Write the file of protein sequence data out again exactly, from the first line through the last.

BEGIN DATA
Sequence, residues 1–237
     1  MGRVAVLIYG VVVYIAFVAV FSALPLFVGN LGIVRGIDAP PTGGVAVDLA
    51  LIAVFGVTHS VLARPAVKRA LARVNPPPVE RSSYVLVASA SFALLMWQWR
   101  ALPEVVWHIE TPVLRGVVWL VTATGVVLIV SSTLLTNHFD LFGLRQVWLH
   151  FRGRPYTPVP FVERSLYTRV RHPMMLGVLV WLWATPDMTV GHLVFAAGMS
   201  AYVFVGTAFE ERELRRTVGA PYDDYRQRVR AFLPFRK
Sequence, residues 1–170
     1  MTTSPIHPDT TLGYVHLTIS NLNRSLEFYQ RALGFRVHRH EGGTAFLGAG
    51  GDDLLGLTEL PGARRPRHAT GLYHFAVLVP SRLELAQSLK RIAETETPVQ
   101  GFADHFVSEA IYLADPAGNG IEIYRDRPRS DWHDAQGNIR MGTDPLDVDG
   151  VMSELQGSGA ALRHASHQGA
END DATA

Sequence, residues 1–237
     1  MGRVAVLIYG VVVYIAFVAV FSALPLFVGN LGIVRGIDAP PTGGVAVDLA
    51  LIAVFGVTHS VLARPAVKRA LARVNPPPVE RSSYVLVASA SFALLMWQWR
   101  ALPEVVWHIE TPVLRGVVWL VTATGVVLIV SSTLLTNHFD LFGLRQVWLH
   151  FRGRPYTPVP FVERSLYTRV RHPMMLGVLV WLWATPDMTV GHLVFAAGMS
   201  AYVFVGTAFE ERELRRTVGA PYDDYRQRVR AFLPFRK
Sequence, residues 1–170
     1  MTTSPIHPDT TLGYVHLTIS NLNRSLEFYQ RALGFRVHRH EGGTAFLGAG
    51  GDDLLGLTEL PGARRPRHAT GLYHFAVLVP SRLELAQSLK RIAETETPVQ
   101  GFADHFVSEA IYLADPAGNG IEIYRDRPRS DWHDAQGNIR MGTDPLDVDG
   151  VMSELQGSGA ALRHASHQGA